With ‘Desh,’ Khan proves you can go home again


Special To The Japan Times

If art’s purpose is to ask the relevant questions, then British-Bangladeshi dancer Akram Khan successfully interrogates humanity — and himself — with his latest production, “Desh.” The production will be staged at the Saitama Arts Theater on Jan. 26 and 27.

Khan, 38, first came to this country as a young prodigy more than 20 years ago.

“I’ve been to Japan many times since I was 14, when I performed in Peter Brook’s ‘The Mahabharata,’ ” he tells The Japan Times. “I fell in love with Japan then, and have always been fascinated by the arts of Japan — butoh, noh — but then many people are.”

Showered with praise from critics across Europe since its U.K. premiere in September 2011, Khan’s 2012 was a busy year. “Desh” won the Laurence Olivier Award for best new dance production and Khan choreographed — and performed in — a prominent section of the London Olympics’ opening ceremony.

Khan now returns to Japan as one of the top names in contemporary dance. He frequently combines his early training in classical Indian dance, kathak, with contemporary moves to create his trademark, original choreography. And now, he has a more personal link to the country.

“The other reason I feel connected to Japan is that my wife is Japanese,” he says. “Her family is from Kyushu, and we hope to spend time in Japan for our future children, to educate them at some point in Japan.”

“Desh” asks its audience to question aspects of everyday life, culture, and personal identity: How does water flow inside its earthly confines? How does tradition survive within the torrential flow of modernization? How do cultures converge and define the identities of multicultural nationals, immigrants and outsiders?

The word “desh” is Bengali for “homeland,” and the piece entwines multiple tales set in Bangladesh and Britain. It presents the quest for understanding and reconciliation toward personal origins, a journey easily recognizable by people everywhere. As the only dancer on stage, Khan alternately portrays Bangladesh’s history and England’s modernity by transforming into an elderly village cook, translating dialogue between a cheeky London teen and his traditional father, and transmitting Bangladeshi myths to a younger generation.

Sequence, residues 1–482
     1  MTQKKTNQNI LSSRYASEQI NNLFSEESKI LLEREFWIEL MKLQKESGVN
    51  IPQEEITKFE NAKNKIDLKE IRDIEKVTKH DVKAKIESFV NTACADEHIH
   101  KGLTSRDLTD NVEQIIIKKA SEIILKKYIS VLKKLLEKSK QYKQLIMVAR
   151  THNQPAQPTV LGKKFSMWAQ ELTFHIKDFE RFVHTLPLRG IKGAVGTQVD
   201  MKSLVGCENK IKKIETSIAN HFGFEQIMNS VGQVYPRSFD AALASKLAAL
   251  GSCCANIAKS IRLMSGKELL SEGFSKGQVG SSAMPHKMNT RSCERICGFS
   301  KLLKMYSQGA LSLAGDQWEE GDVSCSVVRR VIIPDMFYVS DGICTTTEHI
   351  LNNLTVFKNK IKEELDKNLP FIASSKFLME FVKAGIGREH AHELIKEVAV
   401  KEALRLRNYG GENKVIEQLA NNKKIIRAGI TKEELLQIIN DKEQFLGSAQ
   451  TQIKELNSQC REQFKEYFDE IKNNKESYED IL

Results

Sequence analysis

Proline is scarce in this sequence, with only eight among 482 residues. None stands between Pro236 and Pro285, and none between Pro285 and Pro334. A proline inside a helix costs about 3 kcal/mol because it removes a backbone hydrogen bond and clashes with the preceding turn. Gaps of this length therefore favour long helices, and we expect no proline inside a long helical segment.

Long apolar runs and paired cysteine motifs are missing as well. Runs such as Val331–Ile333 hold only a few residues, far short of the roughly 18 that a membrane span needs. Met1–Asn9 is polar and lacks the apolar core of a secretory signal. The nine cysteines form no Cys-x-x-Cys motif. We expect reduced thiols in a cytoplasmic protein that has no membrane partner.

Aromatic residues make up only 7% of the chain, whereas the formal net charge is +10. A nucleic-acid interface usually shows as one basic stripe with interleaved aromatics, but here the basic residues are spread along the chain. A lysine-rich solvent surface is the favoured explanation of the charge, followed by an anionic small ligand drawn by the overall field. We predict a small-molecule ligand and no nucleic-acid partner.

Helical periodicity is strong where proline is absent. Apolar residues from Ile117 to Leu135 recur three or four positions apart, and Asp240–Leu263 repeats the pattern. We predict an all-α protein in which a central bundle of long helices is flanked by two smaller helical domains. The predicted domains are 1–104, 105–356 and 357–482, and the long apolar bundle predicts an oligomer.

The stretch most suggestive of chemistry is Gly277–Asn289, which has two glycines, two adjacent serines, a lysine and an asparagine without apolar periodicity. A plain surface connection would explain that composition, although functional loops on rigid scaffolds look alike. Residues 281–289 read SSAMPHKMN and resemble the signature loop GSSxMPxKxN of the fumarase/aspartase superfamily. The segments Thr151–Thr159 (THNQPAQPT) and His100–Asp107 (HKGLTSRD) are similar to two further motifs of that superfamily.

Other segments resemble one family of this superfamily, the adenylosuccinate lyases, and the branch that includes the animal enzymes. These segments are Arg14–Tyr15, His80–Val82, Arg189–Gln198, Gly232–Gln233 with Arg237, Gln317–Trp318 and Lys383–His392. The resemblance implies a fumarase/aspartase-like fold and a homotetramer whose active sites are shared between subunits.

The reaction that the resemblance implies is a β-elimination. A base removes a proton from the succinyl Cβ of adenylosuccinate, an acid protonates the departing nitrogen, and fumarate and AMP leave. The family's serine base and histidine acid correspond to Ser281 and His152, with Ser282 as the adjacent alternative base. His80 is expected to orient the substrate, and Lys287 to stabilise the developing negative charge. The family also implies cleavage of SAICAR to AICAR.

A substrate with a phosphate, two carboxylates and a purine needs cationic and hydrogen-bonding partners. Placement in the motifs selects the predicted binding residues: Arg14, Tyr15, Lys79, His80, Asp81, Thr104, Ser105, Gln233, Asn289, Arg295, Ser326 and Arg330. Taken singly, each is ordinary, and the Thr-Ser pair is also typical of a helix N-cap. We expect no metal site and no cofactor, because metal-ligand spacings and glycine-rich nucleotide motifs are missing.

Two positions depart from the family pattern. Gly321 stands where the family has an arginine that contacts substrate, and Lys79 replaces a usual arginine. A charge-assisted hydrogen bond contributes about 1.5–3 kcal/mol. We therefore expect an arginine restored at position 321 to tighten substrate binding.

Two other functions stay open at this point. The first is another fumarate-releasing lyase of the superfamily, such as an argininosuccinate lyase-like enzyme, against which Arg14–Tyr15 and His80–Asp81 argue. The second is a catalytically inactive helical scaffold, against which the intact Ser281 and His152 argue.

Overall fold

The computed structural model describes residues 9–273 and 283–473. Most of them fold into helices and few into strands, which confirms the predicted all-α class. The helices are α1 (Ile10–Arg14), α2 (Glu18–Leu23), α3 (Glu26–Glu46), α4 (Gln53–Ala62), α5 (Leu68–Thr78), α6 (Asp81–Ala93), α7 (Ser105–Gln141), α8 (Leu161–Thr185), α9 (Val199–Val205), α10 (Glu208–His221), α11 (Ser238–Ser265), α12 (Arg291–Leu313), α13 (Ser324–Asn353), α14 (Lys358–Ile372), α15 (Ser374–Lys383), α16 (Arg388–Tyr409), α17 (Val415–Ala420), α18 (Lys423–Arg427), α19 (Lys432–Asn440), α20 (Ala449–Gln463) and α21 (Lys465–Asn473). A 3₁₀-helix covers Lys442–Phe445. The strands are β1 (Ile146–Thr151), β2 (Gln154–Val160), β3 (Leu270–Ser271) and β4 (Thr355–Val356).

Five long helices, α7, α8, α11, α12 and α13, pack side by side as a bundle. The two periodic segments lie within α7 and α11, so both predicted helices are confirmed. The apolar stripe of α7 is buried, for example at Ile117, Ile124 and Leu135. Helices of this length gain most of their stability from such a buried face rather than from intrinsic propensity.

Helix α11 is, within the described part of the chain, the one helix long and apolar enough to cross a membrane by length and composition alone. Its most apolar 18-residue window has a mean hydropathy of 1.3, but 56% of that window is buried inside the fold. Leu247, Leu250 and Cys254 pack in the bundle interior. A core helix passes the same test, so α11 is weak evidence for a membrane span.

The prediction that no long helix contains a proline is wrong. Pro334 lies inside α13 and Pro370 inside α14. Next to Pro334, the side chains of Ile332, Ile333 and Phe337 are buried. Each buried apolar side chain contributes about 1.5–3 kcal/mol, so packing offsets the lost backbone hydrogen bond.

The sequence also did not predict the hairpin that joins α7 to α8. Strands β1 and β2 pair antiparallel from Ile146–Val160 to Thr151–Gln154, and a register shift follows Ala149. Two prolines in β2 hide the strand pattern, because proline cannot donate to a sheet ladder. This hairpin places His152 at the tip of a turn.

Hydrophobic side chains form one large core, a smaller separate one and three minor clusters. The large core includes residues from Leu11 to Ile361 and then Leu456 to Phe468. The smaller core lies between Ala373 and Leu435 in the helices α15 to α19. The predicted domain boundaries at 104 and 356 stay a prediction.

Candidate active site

Dance enthusiasts in Japan don’t need much education on Khan’s career; however, even those unfamiliar with his work should recognize the names of his past collaborators, who include French actress Juliette Binoche, Australian pop star Kylie Minogue and British sculptor Antony Gormley. In fact before “Desh,” much of Khan’s 13-year career has consisted of crafting works for others or his own company.

He approached his first full-length contemporary solo piece with some trepidation, admitting it was “a bit terrifying.” It was the chance to become multiple characters that charged his creativity. “I’ve always been fascinated by one person playing with characters who in reality are not there on stage, existing only in imagination,” he says. “Imagination is a powerful tool for both the audience and the performer. It can be far more magical than actually having a real entity on stage. I felt comfortable, working with characters, because I felt suddenly I was not alone, even though there was not a real person there.”

Though alone on stage, Khan makes a point of crediting his production team. Those people include visual-design artist Tim Yip, lighting designer Michael Hulls, writer and poet Karthika Nair and composer Jocelyn Pook.